[Guest editorial by Iowa CCI Executive Director Hugh Espey appeared in the August 18, 2011 Des Moines Register]
Presidential candidates, including Barack Obama, must be asked tough questions on the Iowa campaign trail so the nation can learn exactly where the candidates stand on bread and butter issues that matter most to everyday people.
That’s exactly what members of Iowa Citizens for Community Improvement (CCI) did at the State Fair last week when we asked Republican presidential candidate Mitt Romney and Democratic National Committee (DNC) Chairwoman Debbie Wasserman Schultz how they would strengthen Social Security, Medicare, and Medicaid without cutting benefits, and make Wall Street corporations pay their fair share of taxes.
Romney’s headline-grabbing quip — his assertion that “corporations are people, my friend” — was like a kick in the gut to millions of everyday people struggling in the middle of a Great Recession that was caused by big bank and corporate greed.
Regardless of what the Supreme Court says about corporate personhood, the claim that corporations are people with inherent human rights fails the common-sense test and goes against everyday people’s basic notions of decency, equality and fairness.
But all the controversy surrounding Romney’s remark obscured Romney’s actual policy proposals. When a retired teacher from Des Moines asked Romney if he supported scrapping the Social Security payroll tax cap, Romney responded by saying he supports “progressive price indexing” for Social Security and a “higher retirement age” for Social Security and Medicare.
Translated into English, that means Romney wants to cut benefits for Iowa seniors, a fact that also should have made headlines.
Another missed headline: Too many Democrats also want to cut Social Security, Medicare and Medicaid rather than make big corporations and the super-wealthy pay their fair share.
After Romney’s “corporations are people” gaffe, Wasserman Schultz was quick to issue a statement saying that Romney and the GOP are pushing policies that put corporate interests ahead of the common good. But Wasserman Schultz, a congresswoman from Florida, actually voted for the bad debt ceiling deal that cuts trillions in spending without any guaranteed new revenues and sets up a “super-committee” with a mandate to cut Social Security, Medicare and Medicaid benefits. President Obama was the Democrat who signed the bad deal into law.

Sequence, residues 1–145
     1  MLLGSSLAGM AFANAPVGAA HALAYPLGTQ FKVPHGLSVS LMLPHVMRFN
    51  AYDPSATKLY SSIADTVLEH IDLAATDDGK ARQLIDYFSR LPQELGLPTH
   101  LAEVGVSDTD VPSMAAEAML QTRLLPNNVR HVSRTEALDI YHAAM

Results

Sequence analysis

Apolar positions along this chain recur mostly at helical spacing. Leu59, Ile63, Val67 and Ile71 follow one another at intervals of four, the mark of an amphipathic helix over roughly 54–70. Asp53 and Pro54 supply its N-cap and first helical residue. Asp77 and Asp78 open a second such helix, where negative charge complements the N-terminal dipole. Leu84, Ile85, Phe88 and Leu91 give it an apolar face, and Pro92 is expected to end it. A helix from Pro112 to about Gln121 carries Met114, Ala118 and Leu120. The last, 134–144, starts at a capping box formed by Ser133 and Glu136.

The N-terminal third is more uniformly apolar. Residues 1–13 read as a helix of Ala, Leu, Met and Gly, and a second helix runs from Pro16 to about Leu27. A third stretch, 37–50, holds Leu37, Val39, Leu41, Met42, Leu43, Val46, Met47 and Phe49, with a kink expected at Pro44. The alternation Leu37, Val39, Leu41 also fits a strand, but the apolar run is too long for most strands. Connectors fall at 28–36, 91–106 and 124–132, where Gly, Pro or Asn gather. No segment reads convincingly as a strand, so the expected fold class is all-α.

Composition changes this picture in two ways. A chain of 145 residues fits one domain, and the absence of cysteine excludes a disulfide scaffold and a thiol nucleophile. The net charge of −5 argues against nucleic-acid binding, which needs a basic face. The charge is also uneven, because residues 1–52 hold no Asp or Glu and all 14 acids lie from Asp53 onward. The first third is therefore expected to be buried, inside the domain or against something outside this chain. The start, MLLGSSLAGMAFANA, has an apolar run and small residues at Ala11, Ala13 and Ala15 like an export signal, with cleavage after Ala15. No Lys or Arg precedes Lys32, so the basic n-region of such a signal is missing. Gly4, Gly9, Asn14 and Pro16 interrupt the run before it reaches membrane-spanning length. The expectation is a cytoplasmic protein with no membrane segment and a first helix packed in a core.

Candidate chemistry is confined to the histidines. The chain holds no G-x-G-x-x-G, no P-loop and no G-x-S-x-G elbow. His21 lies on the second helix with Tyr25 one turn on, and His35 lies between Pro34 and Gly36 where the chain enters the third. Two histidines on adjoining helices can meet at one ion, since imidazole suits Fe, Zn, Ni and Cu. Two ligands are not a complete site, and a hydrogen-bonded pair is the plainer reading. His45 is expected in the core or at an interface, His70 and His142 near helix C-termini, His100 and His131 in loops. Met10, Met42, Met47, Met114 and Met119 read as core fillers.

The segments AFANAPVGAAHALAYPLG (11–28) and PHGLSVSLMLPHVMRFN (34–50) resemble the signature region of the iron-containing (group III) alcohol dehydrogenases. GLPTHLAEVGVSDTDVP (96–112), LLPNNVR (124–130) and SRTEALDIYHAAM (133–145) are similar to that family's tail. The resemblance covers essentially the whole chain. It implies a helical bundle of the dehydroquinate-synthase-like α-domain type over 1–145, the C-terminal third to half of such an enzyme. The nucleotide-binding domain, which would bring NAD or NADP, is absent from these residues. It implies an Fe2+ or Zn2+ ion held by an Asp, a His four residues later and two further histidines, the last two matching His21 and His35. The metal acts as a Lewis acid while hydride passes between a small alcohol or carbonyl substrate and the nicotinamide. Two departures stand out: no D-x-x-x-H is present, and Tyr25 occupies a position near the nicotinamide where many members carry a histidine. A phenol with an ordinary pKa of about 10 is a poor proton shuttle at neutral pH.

That’s why CCI members also asked Wasserman Schultz tough questions at the State Fair. Although the Democratic Party is already raising money with a new TV ad targeting Romney and his “corporations are people” line, the fact is that the Democratic Party all too often adopts populist rhetoric while pushing the same pro-corporate policies as the GOP.
When we tried to ask Wasserman Schultz to clarify her — and President Obama’s — position on this issue, she literally ran away from the questions rather than answer them. At least Romney engaged in the democratic process, faced tough questions and stood his ground.
Presidential candidates and other leaders from both political parties — including the president — need to know that they can expect tough questions on the Iowa campaign trail and that everyday Iowans will hold them accountable for their answers. If they don’t answer clearly or honestly, they should be called out.
There’s too much at stake this year to play “Iowa nice” and let the candidates have their photo ops and give their stump speeches without being challenged on the things that really matter — like how they plan to crack down on Wall Street greed and start putting communities before corporations and people before profits.